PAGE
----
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OLD LNWR PHOTOGRAPHS – WHERE AND WHEN?
Part 1 BUSHBURY

Harry Jack

In my article on R.H. Bleasdale (Journal June 2001) some of the picture captions say where the photographs were taken. A couple of these locations have been questioned by readers who suggested alternative sites. One of my locations is confidently described as somewhere else, in the Society’s list of photographs. What follows is an attempt to sort all this out, before the nineteenth century become even more remote than it is, and therefore the memory of past evidence fades.

Most of the early locomotive photographs Move to the photographs page were published without any indication of where they were taken, or any note of when – apart from one or two of Bleasdale’s where the date was chalked on the engine. Railway photographers had different priorities in those days; a clear image of a locomotive was what they wanted, and they regarded the background – even when it only consisted of a few harmless trees – as an unnecessary distraction. It was often painted out on the negative, so that the engine stood out against a blank white ‘sky’. Over 120 years later, these blank backgrounds are irritating, because they usually prevent us from finding out where the picture was taken. If only we knew where it was, we could speculate about the work the engine might have been doing, and the photograph would come alive, no longer just a print of some old engine somewhere; we could ‘place’ the engine in a landscape which we know, beyond the frame and all around.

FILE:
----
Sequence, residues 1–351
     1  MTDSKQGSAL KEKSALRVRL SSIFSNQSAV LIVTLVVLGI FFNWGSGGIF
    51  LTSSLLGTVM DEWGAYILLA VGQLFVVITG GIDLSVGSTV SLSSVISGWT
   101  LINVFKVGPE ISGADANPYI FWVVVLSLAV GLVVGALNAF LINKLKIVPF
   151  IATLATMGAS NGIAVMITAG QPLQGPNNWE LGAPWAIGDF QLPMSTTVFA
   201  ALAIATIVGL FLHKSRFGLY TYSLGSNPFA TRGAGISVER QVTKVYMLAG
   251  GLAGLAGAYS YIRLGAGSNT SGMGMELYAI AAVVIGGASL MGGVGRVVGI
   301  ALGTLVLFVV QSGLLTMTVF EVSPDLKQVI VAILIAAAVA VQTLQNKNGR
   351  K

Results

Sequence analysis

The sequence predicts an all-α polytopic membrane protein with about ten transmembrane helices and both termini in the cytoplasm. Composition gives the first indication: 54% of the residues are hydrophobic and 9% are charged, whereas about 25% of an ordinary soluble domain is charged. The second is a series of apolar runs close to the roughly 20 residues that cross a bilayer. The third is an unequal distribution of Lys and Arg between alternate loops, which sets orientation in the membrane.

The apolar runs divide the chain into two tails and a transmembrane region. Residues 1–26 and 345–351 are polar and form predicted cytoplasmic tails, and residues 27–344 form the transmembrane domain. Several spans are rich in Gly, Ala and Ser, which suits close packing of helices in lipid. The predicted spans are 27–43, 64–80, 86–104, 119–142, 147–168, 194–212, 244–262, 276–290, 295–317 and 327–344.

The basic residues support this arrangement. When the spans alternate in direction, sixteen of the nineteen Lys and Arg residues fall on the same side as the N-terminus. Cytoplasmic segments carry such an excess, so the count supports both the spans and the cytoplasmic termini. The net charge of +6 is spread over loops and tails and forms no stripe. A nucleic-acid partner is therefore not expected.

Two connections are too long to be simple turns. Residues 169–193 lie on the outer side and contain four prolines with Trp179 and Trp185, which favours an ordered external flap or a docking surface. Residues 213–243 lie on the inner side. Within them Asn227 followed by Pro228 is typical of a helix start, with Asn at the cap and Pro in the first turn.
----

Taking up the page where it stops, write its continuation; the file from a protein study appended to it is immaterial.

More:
Trying to discover the location is a detective–puzzle. There are often lots of clues in the picture, although most of the backgrounds (where they exist) are mysterious in themselves. There have been so very many changes demolition, rebuilding, trees felled and planted, urban sprawl – that hardly anywhere or anything looks the way it did in the 1870s.

The first Bleasdale LNWR prints I ever saw featured some very strange old engines (Long-boiler 0-6-0s, a Bloomer Explain 'Bloomer Locomotive Class', an 0-4-2T) standing in the same unrecognisable location: on gauntletted track Explain '??', with a weed-covered platform as foreground and a typical LNWR brick wall behind. Beyond the wall lay open fields with hedges and big elms. Far off, over on the left there was a big house surrounded by trees. Apart from the Bloomer, the engines were complete mysteries. Their 18xx duplicate list numbers made identification (in those pre-Baxter Explain 'Baxter, Bertram (?—1966)' days) impossible, from any printed source: only the number plates and chimney caps showed the engines really were LNWR. That background, though, where could it be? I thought about this a lot; it seemed to be some unreal country where strange LNWR engines abounded, a sort of dream landscape.

I asked everyone who might know. Vague replies (‘Oh, somewhere round the back of Wolverton I suppose?’) were delivered casually, with none of the curiosity I felt. Even after learning the identity of the engines from Dudley Whitworth, the location remained a mystery.

Story continues ...
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